Local Vocal: Freedom of expression or cultural racism?

by Badi Ali

The despicable mockery of the Prophet Mohamed (PBUH) guarantees debate between the Muslim world and Europe. Three features must be distinguished in this context.

The first is the image of Islam and the honored Prophet culled from the Western imagination and perception, which was formed during the Crusades. Thus, the image illustrated an intended insult and misrepresentation of the Prophet. The early works of the Western schools during the times of colonialism and wide-scale missionary work revived this image.

We should not generalize or jump to the conclusion that all Western writers and intellectuals are hostile towards the Prophet and Islam. Rather, we should strive to entrench, strengthen and revive the positive image. The Western philosophers of the enlightenment saw aspects of tolerance, freedom and reason in Islam and saw liberation, mercy and justice in the Prophet Mohamed.

The second feature is related to the reaction of Muslim communities towards the cartoons. The angry response and protests have represented a natural reaction to the defamation of a nation’s most sacred symbol. Thus, the Muslim people should have not been expected to remain silent about their anger. However, the wave of anger was not void of dangerous transgressions that clashed with the essence of the Prophet’s message himself concerning the ways to defend belief with wisdom. To defend the Prophet by blazing churches and attacking tourists and diplomats is completely detached from the Prophet’s guidance.

We should carefully restrain ourselves in the face of the array of articles that appear nowadays in the Western press, which emphasize the ‘terrorist’ nature of Islam. They perceive the response of Arabs as a radical rejection of modernism. In addition, they seek to explain it as evidence of the inability of Arabs and Muslims to understand modernity and its values, the most important of which are freedom of expression and consciousness.

Some may become quickly pulled into this war and consider it a war between two equal opponents in the cultural realm which is wrong and harmful to our case. In reality, the issue is not about the clash of two antagonistic models of civilizations but rather related to a certain pattern of racial thought that is based on an exclusivist background. This racism uses religion as a tool of mobilization and conflict, albeit through defaming it rather than invoking it.

It is noteworthy that the so-called moderates among us, who defended the rights of the European newspapers to publish the cartoons, based their argument on the assumption that what should be rejected is the singling out of a specific race or nationality to defame. However, when it comes to a universal religion then defamation is not considered as such but rather ‘“freedom of expression.’” Everyone knows that Islam represents the axial element of the Muslim identity. This renders their defense of the European newspapers’ right as weak. In addition, some of the cartoons depicted certain Muslims in specific countries that belong to specific ethnicities, during a sensitive and troublesome stage in history between the West and Islam. Therefore, these cartoons could not be regarded as freedom of expression. They rather seek to provoke hatred and conflict in a reality ready for ignition at any moment.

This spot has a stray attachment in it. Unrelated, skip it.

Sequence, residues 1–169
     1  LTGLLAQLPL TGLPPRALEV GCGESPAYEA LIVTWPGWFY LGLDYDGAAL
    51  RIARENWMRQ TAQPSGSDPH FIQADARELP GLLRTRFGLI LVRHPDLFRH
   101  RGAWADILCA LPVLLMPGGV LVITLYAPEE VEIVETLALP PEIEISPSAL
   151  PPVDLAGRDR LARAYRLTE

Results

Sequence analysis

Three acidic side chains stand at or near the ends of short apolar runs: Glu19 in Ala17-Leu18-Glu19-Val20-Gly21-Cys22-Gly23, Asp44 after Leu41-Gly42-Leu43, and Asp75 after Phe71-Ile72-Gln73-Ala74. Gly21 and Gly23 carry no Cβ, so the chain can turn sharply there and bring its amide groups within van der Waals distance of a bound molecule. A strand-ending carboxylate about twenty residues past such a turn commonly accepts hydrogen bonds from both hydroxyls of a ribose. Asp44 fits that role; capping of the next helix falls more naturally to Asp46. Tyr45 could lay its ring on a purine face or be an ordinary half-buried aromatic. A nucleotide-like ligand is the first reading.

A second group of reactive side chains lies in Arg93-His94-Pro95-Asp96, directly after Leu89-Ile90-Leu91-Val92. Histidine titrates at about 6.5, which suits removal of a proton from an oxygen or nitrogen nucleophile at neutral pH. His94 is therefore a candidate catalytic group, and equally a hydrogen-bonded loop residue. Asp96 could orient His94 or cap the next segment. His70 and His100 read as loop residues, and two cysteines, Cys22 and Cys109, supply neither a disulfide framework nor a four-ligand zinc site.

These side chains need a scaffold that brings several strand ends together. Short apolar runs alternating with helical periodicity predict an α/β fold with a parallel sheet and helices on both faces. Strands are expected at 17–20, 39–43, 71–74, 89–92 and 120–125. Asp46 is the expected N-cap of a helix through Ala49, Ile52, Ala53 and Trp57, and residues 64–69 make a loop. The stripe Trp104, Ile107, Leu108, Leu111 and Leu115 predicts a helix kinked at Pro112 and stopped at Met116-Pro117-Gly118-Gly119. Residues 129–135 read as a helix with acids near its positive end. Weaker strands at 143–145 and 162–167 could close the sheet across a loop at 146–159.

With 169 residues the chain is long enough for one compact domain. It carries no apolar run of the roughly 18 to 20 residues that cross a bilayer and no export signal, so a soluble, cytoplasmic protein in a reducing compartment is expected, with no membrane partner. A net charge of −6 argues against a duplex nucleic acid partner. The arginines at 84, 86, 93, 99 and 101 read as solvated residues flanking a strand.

The third feature is related to freedom of the media in Western countries. There is undoubtedly freedom of media. However, it suffers from severe imbalances that have been highlighted by many researchers of media studies. The paradox is that along with the progress and multiplication of both means of expression and occupation, what was once described as ‘“the despotism of communication’”. This term denotes the media’s manipulation and control of the news, and the exchange of information. In the US for example, America Online, which bought Netscape, also owns Time magazine and Warner Bros. movie studios.

In France, the arms trader Serge Dassault, who is close to the extreme right, has created a wide media empire that includes the Hersant group that issues Le Figaro newspaper, and the Vivendi group that prints over 15 publications. This phenomenon is common in a number of Western countries. Media has turned into a power that dominates and one in which the task of broadcasting impartial information has become the least important role.

The prominent French sociologist Pierre Bordeaux has illustrated in his recent works the dangers of the media domination and the reshaping of public consciousness and imagination. He considered that humanity might reach a point in which it will be forced to re-wage the 18th century revolutions to get rid of the dangerous control of the media. Ironically, while there are laws that prohibit the doubting of a historical account that has become sacred, there are no laws protecting sacred religious symbols. This takes place under the pretense of defending freedom of expression, which at times is employed for the sake of the dissemination of hatred and racism.

The writer Badi Ali, is a longtime leader in the local Muslim community, current president of Muslims for a Better North Carolina and former president of the Islamic Center of the Triad.